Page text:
The point of physical education is to improve the minds and bodies of our students and to teach them how to be active and healthy for their entire lives. Too often in our society is physical education viewed in a negative light. Physical education is historically a class of segregation; the “jocks” throwing red rubber balls at the “nerds.” This is the exact opposite of what PE should be. PE should be about teaching all students how to maintain a healthy lifestyle. As a physical educator, it’s my job to ensure that I pass on my love of physical activity to my students.
An ideal physical education program would be planned out from grades K-12 so that there is no redundancy. Rather than playing basketball every winter for their entire school career, students should be taught a variety of sports and activities so that they can discover what they love and have a passion for. My ideal physical education curriculum involves teaching young students basic motor skills and movement patterns while developing their coordination. Once students start to reach the end of their elementary school careers and head into the middle school, the focus should switch to teaching a variety of competitive sports so that the students can find one they’re interested in and can join interscholastic athletics in middle school. Different competitive sports should be taught until 9th or 10th grade at which point the focus should switch to lifelong fitness activities. Since a lot of students don’t move onto compete in intercollegiate athletics, it’s important to teach them how to stay healthy and active on their own, without a coach or teacher telling them what to do.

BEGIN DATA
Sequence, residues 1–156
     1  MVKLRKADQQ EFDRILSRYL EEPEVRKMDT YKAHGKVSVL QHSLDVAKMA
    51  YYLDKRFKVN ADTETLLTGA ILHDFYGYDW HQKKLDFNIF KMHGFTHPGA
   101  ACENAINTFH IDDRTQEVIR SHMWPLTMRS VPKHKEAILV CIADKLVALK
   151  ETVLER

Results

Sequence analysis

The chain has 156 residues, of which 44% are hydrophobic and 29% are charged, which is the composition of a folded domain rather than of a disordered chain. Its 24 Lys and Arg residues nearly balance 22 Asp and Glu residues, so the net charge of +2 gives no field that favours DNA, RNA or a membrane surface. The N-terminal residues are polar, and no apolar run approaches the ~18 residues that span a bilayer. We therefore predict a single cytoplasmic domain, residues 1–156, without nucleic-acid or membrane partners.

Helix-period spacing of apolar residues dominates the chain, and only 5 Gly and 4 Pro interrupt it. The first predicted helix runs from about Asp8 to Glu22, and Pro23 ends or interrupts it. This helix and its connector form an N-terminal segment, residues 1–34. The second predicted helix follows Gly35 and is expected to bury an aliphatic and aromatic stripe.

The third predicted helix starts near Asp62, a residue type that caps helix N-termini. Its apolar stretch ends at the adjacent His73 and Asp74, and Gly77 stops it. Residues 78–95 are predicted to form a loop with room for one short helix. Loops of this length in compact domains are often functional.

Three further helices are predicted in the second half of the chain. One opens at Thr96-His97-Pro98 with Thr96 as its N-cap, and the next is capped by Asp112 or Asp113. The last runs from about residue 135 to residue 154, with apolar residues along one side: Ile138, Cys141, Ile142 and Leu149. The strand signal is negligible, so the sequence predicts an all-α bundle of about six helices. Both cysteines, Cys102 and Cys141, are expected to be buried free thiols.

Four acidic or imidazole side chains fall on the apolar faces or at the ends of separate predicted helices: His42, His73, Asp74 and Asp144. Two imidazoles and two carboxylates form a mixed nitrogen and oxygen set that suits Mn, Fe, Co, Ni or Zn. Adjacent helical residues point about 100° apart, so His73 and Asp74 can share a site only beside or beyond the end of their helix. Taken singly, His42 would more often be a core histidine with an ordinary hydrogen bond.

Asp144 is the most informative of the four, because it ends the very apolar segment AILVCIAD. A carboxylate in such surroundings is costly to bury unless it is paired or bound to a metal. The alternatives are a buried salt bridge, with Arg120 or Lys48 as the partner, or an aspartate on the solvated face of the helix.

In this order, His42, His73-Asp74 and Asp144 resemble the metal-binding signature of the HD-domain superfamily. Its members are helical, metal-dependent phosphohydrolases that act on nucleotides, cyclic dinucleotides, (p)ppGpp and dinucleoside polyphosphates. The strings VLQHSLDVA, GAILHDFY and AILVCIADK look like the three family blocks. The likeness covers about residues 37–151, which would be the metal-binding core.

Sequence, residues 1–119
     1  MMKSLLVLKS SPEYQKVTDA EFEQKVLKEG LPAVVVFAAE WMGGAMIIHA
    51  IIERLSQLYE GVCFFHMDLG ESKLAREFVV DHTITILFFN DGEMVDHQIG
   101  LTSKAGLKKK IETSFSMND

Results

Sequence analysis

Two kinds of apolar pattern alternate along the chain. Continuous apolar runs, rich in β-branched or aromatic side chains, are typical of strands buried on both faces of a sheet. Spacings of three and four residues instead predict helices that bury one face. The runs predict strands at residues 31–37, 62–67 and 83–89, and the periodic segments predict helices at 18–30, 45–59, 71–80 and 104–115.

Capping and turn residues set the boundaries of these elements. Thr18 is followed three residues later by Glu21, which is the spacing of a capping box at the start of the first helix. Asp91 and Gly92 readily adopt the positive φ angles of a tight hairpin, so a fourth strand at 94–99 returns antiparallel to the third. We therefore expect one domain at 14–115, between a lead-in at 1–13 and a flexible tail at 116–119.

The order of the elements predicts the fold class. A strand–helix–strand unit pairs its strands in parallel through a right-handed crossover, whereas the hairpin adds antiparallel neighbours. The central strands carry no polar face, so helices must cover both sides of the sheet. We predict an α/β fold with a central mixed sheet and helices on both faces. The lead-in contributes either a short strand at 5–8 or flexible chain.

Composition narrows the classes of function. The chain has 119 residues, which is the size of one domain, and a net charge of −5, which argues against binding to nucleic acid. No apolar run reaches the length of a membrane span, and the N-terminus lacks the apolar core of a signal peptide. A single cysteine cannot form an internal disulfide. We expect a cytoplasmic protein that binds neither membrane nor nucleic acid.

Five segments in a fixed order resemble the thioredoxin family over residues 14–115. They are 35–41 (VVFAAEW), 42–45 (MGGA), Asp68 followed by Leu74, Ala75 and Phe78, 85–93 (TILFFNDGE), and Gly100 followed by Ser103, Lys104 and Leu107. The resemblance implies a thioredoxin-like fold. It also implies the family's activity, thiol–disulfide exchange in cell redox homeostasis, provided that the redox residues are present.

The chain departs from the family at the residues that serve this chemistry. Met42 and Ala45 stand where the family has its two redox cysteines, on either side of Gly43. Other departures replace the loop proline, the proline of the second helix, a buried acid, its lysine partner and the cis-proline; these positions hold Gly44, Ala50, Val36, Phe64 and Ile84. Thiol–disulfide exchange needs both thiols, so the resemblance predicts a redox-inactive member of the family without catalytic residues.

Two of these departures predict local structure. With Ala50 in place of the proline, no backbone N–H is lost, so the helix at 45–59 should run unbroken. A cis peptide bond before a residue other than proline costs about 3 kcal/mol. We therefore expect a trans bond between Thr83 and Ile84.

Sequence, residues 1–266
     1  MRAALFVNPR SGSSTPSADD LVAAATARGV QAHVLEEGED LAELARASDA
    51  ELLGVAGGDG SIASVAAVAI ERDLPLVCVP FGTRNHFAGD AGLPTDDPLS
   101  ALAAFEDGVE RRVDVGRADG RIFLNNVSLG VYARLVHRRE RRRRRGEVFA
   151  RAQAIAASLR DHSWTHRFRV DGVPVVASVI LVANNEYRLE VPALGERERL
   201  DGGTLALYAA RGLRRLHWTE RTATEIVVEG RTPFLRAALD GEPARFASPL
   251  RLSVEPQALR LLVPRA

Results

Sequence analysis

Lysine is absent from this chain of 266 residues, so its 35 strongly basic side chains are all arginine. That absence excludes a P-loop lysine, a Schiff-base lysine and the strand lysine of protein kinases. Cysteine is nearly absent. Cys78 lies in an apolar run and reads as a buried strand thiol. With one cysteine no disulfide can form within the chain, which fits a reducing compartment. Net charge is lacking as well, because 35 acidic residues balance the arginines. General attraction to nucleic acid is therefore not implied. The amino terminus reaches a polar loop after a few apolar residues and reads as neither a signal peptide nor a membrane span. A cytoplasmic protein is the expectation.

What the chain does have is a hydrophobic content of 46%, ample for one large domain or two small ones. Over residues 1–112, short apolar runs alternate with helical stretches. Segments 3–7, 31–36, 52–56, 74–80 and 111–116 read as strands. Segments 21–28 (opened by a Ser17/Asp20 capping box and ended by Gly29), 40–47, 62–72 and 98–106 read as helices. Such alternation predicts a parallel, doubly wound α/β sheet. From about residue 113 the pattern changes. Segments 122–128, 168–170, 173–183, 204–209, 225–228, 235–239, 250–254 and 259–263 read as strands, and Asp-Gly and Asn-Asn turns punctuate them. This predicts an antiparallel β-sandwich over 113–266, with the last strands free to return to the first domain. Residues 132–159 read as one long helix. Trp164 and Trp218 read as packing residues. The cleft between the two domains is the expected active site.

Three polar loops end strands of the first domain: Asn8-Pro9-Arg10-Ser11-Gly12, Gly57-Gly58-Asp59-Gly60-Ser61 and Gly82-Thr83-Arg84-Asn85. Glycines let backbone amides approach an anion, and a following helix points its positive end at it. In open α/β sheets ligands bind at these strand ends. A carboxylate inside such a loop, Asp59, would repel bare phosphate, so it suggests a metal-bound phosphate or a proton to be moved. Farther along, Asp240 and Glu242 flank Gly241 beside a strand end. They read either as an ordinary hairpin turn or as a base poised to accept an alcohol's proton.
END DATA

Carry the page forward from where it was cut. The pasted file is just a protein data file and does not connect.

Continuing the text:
It is my goal to develop students who can enjoy the challenge of interscholastic athletics during their school years and can maintain a health-enhancing level of fitness when they are out of school. By developing well-rounded, extremely active students, I’ll be helping them stay healthy, live longer, and grow as human beings.